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This clever photographer fixed his old camera with 3D-printed parts

Camera repaired with 3D-printed parts
(Image credit: Witonosfreestyle)

There's nothing worse than having an old camera that loses bits, pieces, parts or components that are difficult to replace. However, this photographer has come up with a brilliant solution to fixing up his old kit: he simply 3D prints those parts. 

Witono is a self-described "engineer, inventor, designer, animator, adventurer, athlete, photographer, music enthusiast, lens hacker" who repaired his old Olympus OM-D E-M1 – a camera that has been most recently succeeded by the Olympus OM-D E-M1 Mark III (opens in new tab) and the Olympus OM-1 (opens in new tab)

• These are the best Olympus cameras (OM System) (opens in new tab)

"Not happy with all the missing parts on my Olympus, so I designed and printed them all," he wrote on his YouTube video (opens in new tab) (below) showing how he created the replacement parts to update his camera.

"Battery door cover - took me 6 iterations to get it to the perfect dimension, also the fact I was printing with an old 3D printer, designed to match the tolerance.

"Eyecup - This is a bummer. I could have printed with soft TPU (I do not have the filament) to mimic the rubber deformation. Instead, this is just an aesthetic part with no deformation. Designed with bridging without support material.

"Accessory port cover - My design skill has gotten better. I got the perfect fitting on the 2nd try!"

Photographers have been 3D-printing accessories for cameras and lenses for years (for my first professional job in 2014, we printed a replacement lens hood for a video lens I needed for a commission), but now the technology is so good that parts are rivaling OEM components.

Of course, the best 3D printers (opens in new tab) alone aren't enough; while you can download the specs of just about any component you might require, the best results can be achieved with the best 3D scanners (opens in new tab) (although this obviously requires you to scan the pieces in the first place, which isn't much help if you've lost them!).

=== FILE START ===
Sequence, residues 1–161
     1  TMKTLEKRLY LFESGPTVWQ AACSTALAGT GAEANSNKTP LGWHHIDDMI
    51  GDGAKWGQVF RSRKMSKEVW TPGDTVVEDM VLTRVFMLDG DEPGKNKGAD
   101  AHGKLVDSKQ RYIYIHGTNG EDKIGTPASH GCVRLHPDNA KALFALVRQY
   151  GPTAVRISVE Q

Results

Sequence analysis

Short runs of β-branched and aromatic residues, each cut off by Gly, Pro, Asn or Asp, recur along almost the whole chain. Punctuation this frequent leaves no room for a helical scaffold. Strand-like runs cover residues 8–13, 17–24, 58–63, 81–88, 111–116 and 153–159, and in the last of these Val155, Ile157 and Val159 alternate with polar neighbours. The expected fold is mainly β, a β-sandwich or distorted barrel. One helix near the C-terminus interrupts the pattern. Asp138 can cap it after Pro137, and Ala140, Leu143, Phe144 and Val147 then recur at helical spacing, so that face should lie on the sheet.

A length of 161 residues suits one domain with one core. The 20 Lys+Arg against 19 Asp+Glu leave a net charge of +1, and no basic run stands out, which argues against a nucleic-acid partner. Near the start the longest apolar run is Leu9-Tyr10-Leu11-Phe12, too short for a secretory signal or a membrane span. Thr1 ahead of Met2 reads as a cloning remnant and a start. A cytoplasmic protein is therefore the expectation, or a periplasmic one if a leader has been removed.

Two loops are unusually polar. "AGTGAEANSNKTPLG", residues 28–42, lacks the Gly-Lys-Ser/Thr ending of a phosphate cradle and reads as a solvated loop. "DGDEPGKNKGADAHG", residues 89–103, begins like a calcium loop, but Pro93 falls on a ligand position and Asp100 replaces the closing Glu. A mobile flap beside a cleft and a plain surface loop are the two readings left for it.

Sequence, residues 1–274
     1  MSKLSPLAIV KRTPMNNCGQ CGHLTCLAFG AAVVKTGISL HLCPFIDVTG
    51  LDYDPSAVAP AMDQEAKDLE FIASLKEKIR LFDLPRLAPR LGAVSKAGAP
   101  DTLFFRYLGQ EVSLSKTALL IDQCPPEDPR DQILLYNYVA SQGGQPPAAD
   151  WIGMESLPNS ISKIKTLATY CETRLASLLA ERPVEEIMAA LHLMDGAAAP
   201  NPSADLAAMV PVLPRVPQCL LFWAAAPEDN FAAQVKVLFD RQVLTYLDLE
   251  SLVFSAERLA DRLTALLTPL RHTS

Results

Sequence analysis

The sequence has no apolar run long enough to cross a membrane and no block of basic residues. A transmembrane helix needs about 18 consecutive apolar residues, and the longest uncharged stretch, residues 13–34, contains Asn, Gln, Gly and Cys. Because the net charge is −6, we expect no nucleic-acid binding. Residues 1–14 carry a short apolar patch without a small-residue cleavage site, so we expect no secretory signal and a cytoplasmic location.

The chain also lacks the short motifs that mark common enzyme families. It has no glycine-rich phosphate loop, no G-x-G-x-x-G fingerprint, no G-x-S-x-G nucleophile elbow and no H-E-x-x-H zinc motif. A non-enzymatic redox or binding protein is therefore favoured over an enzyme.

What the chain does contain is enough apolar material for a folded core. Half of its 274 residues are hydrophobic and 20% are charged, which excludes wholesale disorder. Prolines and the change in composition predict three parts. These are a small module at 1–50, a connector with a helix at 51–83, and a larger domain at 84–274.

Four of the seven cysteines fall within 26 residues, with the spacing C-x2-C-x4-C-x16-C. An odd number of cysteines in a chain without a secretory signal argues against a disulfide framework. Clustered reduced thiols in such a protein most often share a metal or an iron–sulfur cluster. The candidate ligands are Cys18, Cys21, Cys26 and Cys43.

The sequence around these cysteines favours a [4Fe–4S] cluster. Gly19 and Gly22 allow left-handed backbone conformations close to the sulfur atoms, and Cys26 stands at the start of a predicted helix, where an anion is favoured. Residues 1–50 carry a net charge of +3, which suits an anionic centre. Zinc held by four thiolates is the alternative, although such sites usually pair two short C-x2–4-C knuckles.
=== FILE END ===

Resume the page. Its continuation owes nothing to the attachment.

So if you have a 3D printer, the next time you lose a head or battery cover or switch, check to see if the part you need can be printed at home.

Read more: 

Best Olympus lenses
(opens in new tab)Best Micro Four Thirds cameras
(opens in new tab)Best mirrorless cameras (opens in new tab)

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The editor of Digital Camera World, James has 21 years experience as a magazine and web journalist and started working in the photographic industry in 2014 (as an assistant to Damian McGillicuddy, who succeeded David Bailey as Principal Photographer for Olympus). In this time he shot for clients as diverse as Aston Martin Racing, Elinchrom and L'Oréal, in addition to shooting campaigns and product testing for Olympus, and providing training for professionals. This has led him to being a go-to expert for camera and lens reviews, photographic and lighting tutorials, as well as industry analysis, news and rumors for publications such as Digital Camera Magazine (opens in new tab)PhotoPlus: The Canon Magazine (opens in new tab)N-Photo: The Nikon Magazine (opens in new tab)Digital Photographer (opens in new tab) and Professional Imagemaker, as well as hosting workshops and demonstrations at The Photography Show (opens in new tab). An Olympus and Canon shooter, he has a wealth of knowledge on cameras of all makes – and a fondness for vintage lenses and instant cameras.